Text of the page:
Gaucher disease type 2 is a rare and severe type of the disease. Children who inherit the disease usually don’t live past age 2, but treatment can help manage symptoms.
Gaucher disease is a rare inherited metabolic disorder. There are three types of Gaucher disease, with type 2 being very rare. Type 2 Gaucher disease also includes perinatal lethal type Gaucher disease, which is the rarest and most severe form.
In type 2 Gaucher disease, symptoms appear in early infancy and ultimately progress to affect several organ systems, including the brain. Because of this, it’s also called “neuropathic Gaucher disease.”
There’s no cure for Gaucher disease type 2. But experienced doctors and care teams can work with families to manage symptoms and develop the best possible care plans.
Symptoms of Gaucher disease type 2 usually develop early in infancy and worsen over time. For most babies, symptoms are noticeable by
- feeding difficulties (trouble sucking and swallowing)
- encephalopathy (brain damage and dysfunction)
- abnormal eye movements
- breathing problems (unusual breathing patterns, cough, and respiratory distress)
- enlarged liver and spleen
- muscle and movement problems (spasticity, dystonia, and contractures)
- bone problems
- skin abnormalities (ichthyosis)
- irregular blood counts (anemia, thrombocytopenia)
Gaucher disease type 2 is a genetic disorder caused by a mutation in the GBA gene. This gene is responsible for producing an enzyme called beta-glucocerebrosidase (GCase).
Without the GCase enzyme, your cells can’t properly process glucocerebroside lipids, an important part of all cell membranes in the body. Fatty waste products then build up inside the cells, damaging them. This can cause many organ systems not to function.
Gaucher disease type 2 is inherited in an autosomal recessive pattern. Children with Gaucher disease type 2 have inherited two copies of the GBA gene mutation — one from each biological parent.
In autosomal recessive disorders, people who inherit only one mutated gene are called carriers. They don’t have symptoms but can pass on the GBA gene mutation to their children.
Let a doctor know if you have a family history of Gaucher disease, especially when planning to start a family.
Gaucher disease is very rare, and Gaucher disease type 2 is a
If you know you have a family history of Gaucher disease, talk with your doctor, especially when you’re planning to start a family.
You should also contact your doctor if a close family member is diagnosed with Gaucher disease. Your doctor can help guide whether you or your children will need any testing.
Doctors can order blood tests to check GCase enzyme activity and to look for genetic mutations linked to Gaucher disease. Specialists like geneticists or neurologists may also be involved in the diagnostic process.
If you have a family history of Gaucher disease or genetic testing shows that you’re a carrier, your doctor can refer you to a genetic counselor. When planning to start a family, the genetic counselor can help you understand your risk and make a plan to decrease the chance of passing the gene mutation to the next generation.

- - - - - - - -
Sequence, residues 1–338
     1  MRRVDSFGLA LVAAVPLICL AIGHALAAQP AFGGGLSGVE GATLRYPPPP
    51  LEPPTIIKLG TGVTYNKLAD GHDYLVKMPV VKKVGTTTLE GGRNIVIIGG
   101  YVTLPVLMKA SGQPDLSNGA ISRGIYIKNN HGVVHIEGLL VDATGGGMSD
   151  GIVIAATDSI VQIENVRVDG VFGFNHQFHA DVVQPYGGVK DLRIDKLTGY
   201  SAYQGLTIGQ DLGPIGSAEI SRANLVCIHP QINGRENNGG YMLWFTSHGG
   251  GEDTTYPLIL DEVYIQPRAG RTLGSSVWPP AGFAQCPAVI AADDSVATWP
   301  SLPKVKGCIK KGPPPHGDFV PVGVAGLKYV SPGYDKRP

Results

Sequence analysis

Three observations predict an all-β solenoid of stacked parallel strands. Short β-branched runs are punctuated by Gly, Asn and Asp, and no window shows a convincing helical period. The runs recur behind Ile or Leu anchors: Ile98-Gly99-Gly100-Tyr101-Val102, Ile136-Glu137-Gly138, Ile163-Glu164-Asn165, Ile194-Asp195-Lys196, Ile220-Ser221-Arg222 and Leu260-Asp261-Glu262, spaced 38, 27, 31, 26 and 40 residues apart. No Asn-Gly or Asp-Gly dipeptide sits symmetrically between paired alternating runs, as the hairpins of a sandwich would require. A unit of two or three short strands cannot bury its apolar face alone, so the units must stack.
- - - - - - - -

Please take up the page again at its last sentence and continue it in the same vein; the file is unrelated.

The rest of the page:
There’s no cure for Gaucher disease type 2. But doctors can help manage symptoms and work with you to develop a care plan that works best for your family.
For example, you can make feeding plans with the help of a feeding therapist, nutritionist, and gastroenterologist. Medications can help control seizures, improve spasticity, manage drooling, and help with comfortable breathing.
Gaucher disease is a complex disorder. Treatment often requires a multidisciplinary care team, including:
- your child’s primary care doctor
- feeding therapist
- physical therapist
- respiratory therapist
Doctors often use enzyme replacement therapy to treat types 1 and 3 Gaucher disease. However, because the replacement enzyme cannot cross into the brain, it’s
Research into potential treatments for Gaucher disease type 2 is ongoing.
Symptoms, including neurological damage, typically progress rapidly in Gaucher disease type 2. Children with type 2 Gaucher disease typically have a life expectancy of
Resources for support
A diagnosis of Gaucher disease type 2 can be overwhelming and challenging for families. Your child’s healthcare team can help support you and answer any questions you may have. Talk with your child’s doctors about community support in your area. You may also find these organizations helpful:
Gaucher disease type 2 is sometimes called acute infantile neuropathic Gaucher disease. In type 2 disease, the onset of symptoms is earlier, and neurological symptoms tend to be more severe and rapidly progressive.
Type 1 Gaucher disease doesn’t affect the brain. Neurological involvement is variable in type 3 Gaucher disease.
How common is Gaucher disease type 2?
What is the life expectancy of someone with Gaucher disease type 2?
Children with Gaucher disease type 2 have a typical life expectancy of
Which gene is responsible for Gaucher disease type 2?
Mutations in the glucosylceramidase beta (GBA) gene cause Gaucher disease type 2.
Can genetic testing screen for Gaucher disease type 2?
Yes. Doctors usually make a diagnosis of Gaucher disease type 2 through a combination of genetic sequencing for mutations in the GBA gene and blood testing for GCase enzyme activity.
Gaucher disease type 2 is a rare inherited metabolic disorder. A mutation in the GBA gene eliminates or greatly reduces the activity of an important metabolic enzyme (GCase). This causes progressive damage to cells in all organ systems.
Infants with Gaucher disease type 2 usually show significant symptoms by 3 to 6 months of age. Damage to the brain and neurological system is severe and progressive, limiting life expectancy.
There’s no cure for Gaucher disease type 2, but research is ongoing. Doctors can work with families to manage symptoms and provide support, creating comprehensive care plans.